GBT Welcomes Proposals for ACCEL Grants, Aiding Sickle Cell Community
Global Blood Therapeutics (GBT) has opened its grant program — the Access to Excellent Care for Sickle Cell Patients (ACCEL), now in its third year — to proposals supporting programs aiming to improve access to high-quality healthcare for people with sickle cell disease (SCD).
GBT will donate up to $500,000 through ACCEL to 10 U.S. community-based nonprofit organizations and institutions working to facilitate SCD patient care.
“This year, we are doubling our efforts to fund novel programs that address the inequities people with sickle cell disease face gaining access to high-quality, continuous healthcare, as well as meeting the unique needs during the COVID-19 pandemic,” Jung Choi, chief business and strategy officer, and head of patient advocacy and government affairs at GBT, said in a press release.
In past years, GBT’s program awarded up to $250,000 to five groups serving the SCD community. Previous grant winners may reapply to the program this year; however, preference will be given to new program proposals.
Applications must be received by April 23 at 11:59 p.m. PST. More details about the program and the proposal submission process can be found here.
“We are proud of the work past grantees have accomplished and look forward to supporting more organizations that are making a difference in the lives of people with this devastating disease,” Choi added.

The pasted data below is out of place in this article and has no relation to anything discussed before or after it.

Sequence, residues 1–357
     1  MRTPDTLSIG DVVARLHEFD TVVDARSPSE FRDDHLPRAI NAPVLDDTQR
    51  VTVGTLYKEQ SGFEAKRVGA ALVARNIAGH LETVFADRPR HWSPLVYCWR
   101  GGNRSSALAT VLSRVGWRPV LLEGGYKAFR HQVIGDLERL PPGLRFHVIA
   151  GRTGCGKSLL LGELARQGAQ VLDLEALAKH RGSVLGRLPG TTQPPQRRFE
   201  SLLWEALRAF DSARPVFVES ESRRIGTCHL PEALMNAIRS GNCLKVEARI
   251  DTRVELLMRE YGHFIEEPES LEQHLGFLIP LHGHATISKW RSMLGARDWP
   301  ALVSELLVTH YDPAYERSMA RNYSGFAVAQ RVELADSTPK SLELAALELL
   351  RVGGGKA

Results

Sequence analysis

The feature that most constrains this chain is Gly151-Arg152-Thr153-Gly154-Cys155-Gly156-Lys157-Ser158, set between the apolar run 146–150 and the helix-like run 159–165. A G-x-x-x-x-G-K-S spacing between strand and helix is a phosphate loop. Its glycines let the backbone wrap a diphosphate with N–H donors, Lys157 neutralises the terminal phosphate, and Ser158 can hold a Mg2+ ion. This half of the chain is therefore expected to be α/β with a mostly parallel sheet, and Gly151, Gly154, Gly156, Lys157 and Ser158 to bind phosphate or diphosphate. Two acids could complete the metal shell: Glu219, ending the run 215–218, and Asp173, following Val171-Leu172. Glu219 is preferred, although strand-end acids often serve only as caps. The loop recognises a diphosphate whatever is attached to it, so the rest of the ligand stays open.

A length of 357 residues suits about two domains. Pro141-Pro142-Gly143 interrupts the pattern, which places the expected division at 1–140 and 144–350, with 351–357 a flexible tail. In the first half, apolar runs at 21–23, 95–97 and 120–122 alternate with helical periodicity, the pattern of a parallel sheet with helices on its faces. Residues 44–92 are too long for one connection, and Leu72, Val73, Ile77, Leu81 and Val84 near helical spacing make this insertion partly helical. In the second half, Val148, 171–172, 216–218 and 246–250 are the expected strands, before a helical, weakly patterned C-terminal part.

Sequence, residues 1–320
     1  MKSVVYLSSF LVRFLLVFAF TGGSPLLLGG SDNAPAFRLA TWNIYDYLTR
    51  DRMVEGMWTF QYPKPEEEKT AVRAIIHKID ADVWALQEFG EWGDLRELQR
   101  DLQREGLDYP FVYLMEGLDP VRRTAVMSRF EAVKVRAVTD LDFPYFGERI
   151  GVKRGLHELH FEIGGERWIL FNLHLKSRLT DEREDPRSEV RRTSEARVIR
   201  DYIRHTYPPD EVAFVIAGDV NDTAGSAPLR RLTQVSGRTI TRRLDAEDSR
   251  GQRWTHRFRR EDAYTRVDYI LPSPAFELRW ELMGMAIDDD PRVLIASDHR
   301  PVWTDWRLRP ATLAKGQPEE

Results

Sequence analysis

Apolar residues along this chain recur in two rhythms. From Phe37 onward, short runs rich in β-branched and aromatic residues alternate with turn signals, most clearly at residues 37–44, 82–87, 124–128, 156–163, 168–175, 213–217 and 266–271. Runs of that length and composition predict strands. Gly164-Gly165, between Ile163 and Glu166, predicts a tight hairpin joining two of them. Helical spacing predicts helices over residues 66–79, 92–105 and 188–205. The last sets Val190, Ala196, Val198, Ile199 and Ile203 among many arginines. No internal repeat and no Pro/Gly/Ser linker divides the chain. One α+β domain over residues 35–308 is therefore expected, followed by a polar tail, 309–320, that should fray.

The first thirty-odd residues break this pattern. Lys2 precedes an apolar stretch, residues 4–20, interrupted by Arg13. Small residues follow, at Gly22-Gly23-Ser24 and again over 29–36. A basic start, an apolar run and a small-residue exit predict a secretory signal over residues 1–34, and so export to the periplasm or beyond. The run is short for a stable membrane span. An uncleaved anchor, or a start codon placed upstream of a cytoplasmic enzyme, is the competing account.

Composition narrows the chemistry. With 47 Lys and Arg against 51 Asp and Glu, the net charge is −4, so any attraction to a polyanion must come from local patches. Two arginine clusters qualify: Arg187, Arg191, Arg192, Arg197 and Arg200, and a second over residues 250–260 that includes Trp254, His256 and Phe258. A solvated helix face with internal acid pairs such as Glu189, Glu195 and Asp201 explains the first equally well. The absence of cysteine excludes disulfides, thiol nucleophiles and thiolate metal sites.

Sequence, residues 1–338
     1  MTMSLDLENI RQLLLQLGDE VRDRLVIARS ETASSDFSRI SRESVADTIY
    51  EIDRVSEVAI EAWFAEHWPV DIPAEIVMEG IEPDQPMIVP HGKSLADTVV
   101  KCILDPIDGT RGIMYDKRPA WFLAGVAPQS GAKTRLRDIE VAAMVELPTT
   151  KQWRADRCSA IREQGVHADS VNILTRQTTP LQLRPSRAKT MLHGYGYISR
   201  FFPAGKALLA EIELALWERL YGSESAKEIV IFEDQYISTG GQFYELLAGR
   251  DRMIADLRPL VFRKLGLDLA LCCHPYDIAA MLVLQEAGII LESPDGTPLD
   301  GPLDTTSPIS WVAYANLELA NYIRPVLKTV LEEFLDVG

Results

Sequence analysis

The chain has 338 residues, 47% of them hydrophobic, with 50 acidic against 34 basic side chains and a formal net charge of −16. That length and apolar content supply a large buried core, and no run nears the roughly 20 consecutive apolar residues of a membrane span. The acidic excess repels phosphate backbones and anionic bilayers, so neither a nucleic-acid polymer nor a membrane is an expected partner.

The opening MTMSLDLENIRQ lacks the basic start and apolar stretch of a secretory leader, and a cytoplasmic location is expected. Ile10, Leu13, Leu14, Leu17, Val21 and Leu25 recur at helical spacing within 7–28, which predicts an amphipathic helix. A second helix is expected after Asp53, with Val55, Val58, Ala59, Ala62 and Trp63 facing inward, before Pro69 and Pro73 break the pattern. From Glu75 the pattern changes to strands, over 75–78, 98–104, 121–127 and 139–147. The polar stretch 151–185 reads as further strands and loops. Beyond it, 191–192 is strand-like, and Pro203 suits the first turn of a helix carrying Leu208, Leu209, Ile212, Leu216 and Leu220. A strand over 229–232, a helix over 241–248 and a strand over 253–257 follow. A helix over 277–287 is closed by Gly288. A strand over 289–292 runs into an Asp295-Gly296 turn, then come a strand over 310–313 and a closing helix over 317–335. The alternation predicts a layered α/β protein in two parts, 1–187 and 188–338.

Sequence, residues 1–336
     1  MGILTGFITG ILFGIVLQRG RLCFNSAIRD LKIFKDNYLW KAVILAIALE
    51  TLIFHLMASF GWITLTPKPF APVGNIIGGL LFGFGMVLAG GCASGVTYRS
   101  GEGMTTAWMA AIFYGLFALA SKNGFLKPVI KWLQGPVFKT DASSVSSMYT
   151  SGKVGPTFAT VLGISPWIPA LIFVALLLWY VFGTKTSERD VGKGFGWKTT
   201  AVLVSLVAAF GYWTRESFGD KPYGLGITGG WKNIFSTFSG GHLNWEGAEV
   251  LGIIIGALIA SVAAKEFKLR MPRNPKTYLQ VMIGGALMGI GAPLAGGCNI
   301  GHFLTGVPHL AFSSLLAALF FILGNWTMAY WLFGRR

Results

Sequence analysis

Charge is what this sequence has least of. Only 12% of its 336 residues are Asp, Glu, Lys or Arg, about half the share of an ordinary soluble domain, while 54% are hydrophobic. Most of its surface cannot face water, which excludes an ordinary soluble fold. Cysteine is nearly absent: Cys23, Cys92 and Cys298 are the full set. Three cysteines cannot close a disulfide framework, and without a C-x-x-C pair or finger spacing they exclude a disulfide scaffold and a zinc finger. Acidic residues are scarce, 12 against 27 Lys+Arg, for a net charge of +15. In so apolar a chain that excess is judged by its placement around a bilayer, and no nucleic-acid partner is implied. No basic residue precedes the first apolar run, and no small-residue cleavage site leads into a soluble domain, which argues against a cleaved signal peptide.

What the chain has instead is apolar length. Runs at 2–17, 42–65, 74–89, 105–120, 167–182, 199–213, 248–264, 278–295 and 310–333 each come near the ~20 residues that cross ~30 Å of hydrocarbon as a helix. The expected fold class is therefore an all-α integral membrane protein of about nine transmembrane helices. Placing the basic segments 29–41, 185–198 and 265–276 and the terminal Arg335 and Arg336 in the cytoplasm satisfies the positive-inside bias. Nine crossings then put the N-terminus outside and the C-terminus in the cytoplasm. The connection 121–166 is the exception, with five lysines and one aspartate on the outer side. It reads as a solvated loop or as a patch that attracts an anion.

With this year’s doubling of funds, ACCEL’s priority areas have expanded to include educational programs that target healthcare providers and focus on the impact of race and healthcare disparities, as well as initiatives around COVID-19 vaccine awareness for SCD patients.
Other 2021 priority areas include innovative training programs and community outreach models, educational initiatives that empower SCD patients and enable them to better navigate the U.S. healthcare system, and ways of easing the transition from pediatric to adult care.
Leaders with expertise in SCD both within and outside of GBT will review the proposals received and select 10 of them — up to five institution-based programs and up to five community-based programs — based on their strength, degree of innovation, and highest potential for improving patient care. Each winning project will receive up to $50,000 during one year.
“GBT is driven by our mission to transform the lives of people living with sickle cell disease, and we recognize, now more than ever, that means increasing our support of the sickle cell community,” Choi said.